Aliment Pharmacol Ther. 2021 Jul 18. doi: 10.1111/apt.16530. Online ahead of print.
BACKGROUND: Nutrition support teams (NST) may improve parenteral nutrition (PN) outcomes. No previous systematic review has provided conclusive data on catheter-related infection (CRI) occurrence after NST introduction, nor have previous studies performed meta-analysis or graded the evidence.
AIMS: To systematically evaluate the effects of implementing an NST for hospitalised adults on PN and compare these with standard care.
METHODS: This was a systematic review and meta-analysis, pre-registered in PROSPERO (CRD42020218094). On November 24, 2020, PubMed, Web of science, Scopus, Embase, Cochrane Library, and Clinical Key were searched. Clinical trials and observational studies with a standard care comparator were included. Primary outcome was relative reduction in CRI rate. A random-effects meta-analysis was used to estimate effects, and evidence was rated using Cochrane and GRADE methodologies.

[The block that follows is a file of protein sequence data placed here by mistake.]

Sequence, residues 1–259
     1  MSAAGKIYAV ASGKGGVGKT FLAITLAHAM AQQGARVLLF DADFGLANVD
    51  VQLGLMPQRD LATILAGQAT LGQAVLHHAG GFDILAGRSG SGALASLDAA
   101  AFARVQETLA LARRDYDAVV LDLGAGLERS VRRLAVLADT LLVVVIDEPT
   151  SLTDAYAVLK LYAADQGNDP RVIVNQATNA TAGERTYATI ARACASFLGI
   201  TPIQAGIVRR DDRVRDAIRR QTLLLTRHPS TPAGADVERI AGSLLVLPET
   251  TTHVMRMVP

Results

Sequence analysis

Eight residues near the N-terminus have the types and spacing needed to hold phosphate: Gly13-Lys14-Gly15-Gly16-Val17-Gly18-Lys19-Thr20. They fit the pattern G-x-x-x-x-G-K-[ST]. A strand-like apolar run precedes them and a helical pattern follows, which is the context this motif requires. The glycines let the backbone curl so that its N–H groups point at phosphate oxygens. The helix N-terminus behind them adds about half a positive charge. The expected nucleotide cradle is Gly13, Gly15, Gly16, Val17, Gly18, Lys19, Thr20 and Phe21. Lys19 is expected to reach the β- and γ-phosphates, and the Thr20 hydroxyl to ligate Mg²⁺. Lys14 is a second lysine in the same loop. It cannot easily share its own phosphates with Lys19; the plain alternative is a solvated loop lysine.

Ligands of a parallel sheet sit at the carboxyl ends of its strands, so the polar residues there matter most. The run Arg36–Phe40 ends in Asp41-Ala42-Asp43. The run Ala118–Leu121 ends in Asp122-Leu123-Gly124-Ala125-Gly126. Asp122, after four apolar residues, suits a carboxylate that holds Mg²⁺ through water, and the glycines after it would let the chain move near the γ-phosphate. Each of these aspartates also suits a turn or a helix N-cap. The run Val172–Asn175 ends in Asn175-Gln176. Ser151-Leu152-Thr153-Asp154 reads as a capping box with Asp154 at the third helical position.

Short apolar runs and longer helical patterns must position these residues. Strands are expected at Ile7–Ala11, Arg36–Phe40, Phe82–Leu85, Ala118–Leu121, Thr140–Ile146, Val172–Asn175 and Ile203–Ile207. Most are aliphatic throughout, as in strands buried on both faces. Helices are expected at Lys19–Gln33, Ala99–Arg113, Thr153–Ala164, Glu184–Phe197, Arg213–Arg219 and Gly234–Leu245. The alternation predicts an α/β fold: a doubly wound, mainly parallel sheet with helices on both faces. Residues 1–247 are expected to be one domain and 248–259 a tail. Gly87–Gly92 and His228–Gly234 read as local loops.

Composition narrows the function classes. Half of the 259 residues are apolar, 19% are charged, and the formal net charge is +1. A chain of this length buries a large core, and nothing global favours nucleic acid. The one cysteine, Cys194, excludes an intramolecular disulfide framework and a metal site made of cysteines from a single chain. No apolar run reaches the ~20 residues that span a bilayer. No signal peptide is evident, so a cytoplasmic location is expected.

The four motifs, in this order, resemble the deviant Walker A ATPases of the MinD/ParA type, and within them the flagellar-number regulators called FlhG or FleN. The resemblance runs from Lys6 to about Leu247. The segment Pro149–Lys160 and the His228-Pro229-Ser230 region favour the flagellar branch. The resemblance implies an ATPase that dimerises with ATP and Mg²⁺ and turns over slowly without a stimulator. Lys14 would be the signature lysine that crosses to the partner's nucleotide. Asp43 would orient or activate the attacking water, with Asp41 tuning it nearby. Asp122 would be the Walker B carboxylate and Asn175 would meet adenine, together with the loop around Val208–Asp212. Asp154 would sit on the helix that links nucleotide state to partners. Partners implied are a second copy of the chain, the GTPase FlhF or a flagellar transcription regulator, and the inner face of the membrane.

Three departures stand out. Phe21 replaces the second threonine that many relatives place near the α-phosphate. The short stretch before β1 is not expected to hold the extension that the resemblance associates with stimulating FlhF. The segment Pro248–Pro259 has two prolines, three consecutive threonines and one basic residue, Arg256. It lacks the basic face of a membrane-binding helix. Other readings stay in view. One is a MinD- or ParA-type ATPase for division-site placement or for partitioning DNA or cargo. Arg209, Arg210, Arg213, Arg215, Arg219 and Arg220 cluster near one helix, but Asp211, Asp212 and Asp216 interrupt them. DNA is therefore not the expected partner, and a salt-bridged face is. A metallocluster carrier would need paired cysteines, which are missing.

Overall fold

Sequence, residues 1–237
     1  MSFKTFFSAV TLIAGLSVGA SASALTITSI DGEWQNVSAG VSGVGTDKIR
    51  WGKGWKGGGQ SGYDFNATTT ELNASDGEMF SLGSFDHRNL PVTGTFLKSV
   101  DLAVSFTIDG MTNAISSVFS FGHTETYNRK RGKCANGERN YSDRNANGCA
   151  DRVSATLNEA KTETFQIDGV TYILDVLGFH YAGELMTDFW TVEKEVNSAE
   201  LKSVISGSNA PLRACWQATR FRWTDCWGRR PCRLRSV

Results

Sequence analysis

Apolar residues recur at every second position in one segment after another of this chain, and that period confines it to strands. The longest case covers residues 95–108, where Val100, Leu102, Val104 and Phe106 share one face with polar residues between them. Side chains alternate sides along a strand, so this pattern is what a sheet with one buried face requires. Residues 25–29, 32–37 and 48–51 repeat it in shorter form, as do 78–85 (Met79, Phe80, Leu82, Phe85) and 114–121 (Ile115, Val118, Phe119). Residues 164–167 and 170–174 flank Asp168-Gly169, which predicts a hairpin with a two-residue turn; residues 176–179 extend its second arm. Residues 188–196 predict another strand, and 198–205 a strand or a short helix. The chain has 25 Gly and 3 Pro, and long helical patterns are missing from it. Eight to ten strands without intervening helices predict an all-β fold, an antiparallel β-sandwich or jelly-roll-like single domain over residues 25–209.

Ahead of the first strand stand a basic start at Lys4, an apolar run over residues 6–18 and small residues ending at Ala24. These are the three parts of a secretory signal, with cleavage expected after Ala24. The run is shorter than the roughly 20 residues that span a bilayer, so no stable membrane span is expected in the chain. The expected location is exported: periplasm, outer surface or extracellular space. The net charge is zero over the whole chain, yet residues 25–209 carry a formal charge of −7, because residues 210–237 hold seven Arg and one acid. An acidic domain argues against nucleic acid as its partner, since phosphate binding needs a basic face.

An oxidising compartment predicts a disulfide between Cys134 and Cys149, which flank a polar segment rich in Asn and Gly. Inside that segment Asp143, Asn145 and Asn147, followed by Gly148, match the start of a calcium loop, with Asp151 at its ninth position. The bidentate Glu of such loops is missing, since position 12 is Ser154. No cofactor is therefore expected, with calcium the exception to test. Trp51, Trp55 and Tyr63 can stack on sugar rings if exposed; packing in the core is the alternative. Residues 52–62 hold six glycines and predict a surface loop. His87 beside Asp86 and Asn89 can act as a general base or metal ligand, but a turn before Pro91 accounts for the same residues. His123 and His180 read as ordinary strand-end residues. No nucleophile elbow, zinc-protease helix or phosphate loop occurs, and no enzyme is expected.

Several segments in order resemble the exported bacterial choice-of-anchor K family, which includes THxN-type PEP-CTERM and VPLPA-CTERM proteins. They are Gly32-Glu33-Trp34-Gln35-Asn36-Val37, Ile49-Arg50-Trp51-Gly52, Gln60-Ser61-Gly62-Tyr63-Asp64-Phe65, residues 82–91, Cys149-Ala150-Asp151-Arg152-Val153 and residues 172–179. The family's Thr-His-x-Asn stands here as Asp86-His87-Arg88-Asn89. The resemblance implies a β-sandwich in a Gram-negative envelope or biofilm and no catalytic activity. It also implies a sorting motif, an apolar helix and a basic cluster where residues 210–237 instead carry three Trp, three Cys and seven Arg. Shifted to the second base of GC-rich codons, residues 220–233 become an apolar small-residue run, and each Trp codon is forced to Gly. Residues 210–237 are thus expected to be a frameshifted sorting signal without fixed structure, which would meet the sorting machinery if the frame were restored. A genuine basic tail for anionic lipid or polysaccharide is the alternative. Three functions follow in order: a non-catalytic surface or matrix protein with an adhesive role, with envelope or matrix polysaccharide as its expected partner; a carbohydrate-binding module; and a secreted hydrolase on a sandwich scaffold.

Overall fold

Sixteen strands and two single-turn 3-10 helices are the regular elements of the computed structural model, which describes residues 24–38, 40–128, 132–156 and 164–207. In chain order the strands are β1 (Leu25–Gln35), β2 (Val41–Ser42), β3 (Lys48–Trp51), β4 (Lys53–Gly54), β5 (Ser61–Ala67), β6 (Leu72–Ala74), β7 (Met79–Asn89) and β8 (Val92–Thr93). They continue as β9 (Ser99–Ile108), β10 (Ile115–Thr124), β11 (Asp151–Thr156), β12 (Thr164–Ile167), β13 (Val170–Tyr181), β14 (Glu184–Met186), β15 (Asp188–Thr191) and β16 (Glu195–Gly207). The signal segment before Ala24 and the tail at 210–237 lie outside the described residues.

RESULTS: Twenty-seven studies with 8166 patients were included. Across 10 studies, NST introduction reduced the CRI rate (IRR = 0.32, 95% CI: 0.19-0.53) with -8 (95% CI: -12 to -5) episodes per 1000 catheter days compared with standard care. Hypophosphataemia occurred less frequently (IRD = -12%, 95% CI: -24% to -1%) and 30-day mortality decreased (IRD = -6%, 95% CI: -11% to -1%). Inappropriate PN use decreased, both judged by indication (IRD = -18%, 95% CI: -28% to -9%) and duration (IRD = -21%, 95% CI: -33% to -9%). Evidence was rated very low to moderate.
CONCLUSIONS: This study documents the clinical impact of introducing an NST, with moderate-grade evidence for the reduction of CRI occurrence compared with standard care. Further, NST introduction significantly reduced metabolic complications, mortality, and inappropriate PN use.